The state‘s education commissioner wants elementary school students back in the classroom full-time in April, as part of a plan to phase out remote learning that officials announced Tuesday as Massachusetts approaches the one-year anniversary of the initial March 2020 school closures intended to mitigate spread of COVID-19.

The announcements met quick pushback from the state‘s largest teachers union, which has been calling for earlier vaccine access for educators, and from school committees, which said decisions involved in reopenings are best handled at the local level.

Most schools — around 80 percent of districts — have reintroduced at least some in-person learning over the past year, relying on protocols like mask-wearing and distancing, Gov. Charlie Baker said. The remaining districts that are teaching entirely remotely serve about 400,000 students, he said.

“Most of them haven’t been in the classroom since last March,” Baker said. “With COVID cases and hospitalizations continuing to decline and vaccines well underway, it’s time to set our sights on eliminating remote learning by April, and starting with elementary schools. Districts need clear direction about what will count as acceptable learning time as the commonwealth moves forward.”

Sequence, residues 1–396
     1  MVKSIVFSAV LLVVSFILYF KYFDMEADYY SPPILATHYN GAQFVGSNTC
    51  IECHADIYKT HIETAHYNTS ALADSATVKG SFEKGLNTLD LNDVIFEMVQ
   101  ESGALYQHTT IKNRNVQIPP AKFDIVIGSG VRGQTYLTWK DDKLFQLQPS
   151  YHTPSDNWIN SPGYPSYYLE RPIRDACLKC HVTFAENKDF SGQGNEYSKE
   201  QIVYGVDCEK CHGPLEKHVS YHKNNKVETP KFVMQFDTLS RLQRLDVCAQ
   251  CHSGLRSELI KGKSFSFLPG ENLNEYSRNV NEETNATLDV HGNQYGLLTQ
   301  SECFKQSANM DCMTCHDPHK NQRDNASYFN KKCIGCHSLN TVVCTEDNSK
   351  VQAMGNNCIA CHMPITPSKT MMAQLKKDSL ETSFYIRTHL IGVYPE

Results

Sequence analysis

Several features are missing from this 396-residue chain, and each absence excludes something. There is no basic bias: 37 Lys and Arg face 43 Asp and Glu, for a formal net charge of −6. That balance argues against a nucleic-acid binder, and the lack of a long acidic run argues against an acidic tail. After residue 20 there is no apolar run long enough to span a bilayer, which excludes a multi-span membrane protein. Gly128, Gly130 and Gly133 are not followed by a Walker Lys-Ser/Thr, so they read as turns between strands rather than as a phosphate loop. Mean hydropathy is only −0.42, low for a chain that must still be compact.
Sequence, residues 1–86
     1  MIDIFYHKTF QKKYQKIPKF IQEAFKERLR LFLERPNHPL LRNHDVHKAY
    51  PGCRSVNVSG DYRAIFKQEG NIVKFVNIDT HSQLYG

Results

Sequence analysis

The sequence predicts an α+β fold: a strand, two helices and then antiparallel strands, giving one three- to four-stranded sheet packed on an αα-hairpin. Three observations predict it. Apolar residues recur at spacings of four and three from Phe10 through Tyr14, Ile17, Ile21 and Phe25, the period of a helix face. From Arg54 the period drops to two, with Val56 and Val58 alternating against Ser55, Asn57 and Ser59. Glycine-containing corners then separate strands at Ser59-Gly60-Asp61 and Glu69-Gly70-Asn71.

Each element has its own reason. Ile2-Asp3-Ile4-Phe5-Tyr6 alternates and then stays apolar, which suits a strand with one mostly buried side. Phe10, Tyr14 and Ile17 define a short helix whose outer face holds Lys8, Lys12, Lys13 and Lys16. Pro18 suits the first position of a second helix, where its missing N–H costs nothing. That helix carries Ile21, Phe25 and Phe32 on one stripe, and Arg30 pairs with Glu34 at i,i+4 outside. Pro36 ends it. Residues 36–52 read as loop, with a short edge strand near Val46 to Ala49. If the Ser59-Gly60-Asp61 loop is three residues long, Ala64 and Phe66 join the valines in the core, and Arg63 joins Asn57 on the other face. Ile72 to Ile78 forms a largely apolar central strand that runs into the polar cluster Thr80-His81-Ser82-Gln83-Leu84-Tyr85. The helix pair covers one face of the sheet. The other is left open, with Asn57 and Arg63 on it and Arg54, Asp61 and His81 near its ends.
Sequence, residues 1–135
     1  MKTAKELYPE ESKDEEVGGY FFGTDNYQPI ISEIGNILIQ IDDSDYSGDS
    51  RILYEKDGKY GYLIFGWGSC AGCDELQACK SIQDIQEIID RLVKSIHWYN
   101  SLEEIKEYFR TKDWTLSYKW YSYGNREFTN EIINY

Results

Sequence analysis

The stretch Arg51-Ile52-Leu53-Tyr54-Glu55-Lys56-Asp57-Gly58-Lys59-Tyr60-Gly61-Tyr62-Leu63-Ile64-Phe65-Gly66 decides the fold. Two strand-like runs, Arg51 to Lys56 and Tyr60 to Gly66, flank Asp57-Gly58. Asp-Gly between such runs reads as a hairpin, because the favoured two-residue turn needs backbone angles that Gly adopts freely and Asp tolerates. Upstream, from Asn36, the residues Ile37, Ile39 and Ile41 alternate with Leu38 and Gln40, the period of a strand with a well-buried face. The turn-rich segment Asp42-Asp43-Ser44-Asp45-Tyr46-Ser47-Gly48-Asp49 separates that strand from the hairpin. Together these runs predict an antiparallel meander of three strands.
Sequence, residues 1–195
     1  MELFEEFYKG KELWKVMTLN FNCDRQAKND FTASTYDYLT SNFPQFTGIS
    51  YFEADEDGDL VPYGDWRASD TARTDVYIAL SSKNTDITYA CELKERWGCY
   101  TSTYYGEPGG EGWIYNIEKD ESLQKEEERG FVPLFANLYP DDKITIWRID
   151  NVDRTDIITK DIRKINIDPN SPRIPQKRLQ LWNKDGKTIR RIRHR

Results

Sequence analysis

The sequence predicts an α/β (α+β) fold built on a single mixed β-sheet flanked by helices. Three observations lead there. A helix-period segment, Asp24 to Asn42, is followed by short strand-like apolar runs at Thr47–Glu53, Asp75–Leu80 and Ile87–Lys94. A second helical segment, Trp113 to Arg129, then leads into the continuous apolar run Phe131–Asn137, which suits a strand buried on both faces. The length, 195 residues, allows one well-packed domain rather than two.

Commissioner Jeff Riley told members of the Board of Elementary and Secondary Education that he will ask them next month for the authority to determine when hybrid and remote school models no longer count for learning hours.

Riley said he would pursue a phased approach with the goal of getting as many kids as possible back into classrooms by the end of this school year, focusing first on elementary school students and then on older grades.

He said he would work closely with state health officials and medical experts, and that parents would still have the option to choose remote learning for their child through the end of the year.

There would also be a waiver process for districts that might need to move more incrementally, Riley said, giving the example of a fully remote district that could seek to transition to a hybrid model because an immediate shift to a totally in-person format would be a “hard lift.”

“At some point, as health metrics continue to improve, we will need to take the remote and hybrid learning models off the table and return to a traditional school format,” Riley told the board.